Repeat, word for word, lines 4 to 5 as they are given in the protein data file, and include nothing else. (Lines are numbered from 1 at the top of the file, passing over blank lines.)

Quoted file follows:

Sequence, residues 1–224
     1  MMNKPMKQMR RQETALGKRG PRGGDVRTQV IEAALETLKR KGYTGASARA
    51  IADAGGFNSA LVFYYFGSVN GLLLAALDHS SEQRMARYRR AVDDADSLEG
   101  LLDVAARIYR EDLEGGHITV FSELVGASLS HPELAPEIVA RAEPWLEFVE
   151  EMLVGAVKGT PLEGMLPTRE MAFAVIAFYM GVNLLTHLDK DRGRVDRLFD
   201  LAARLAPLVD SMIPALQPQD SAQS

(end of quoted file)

   101  LLDVAARIYR EDLEGGHITV FSELVGASLS HPELAPEIVA RAEPWLEFVE
   151  EMLVGAVKGT PLEGMLPTRE MAFAVIAFYM GVNLLTHLDK DRGRVDRLFD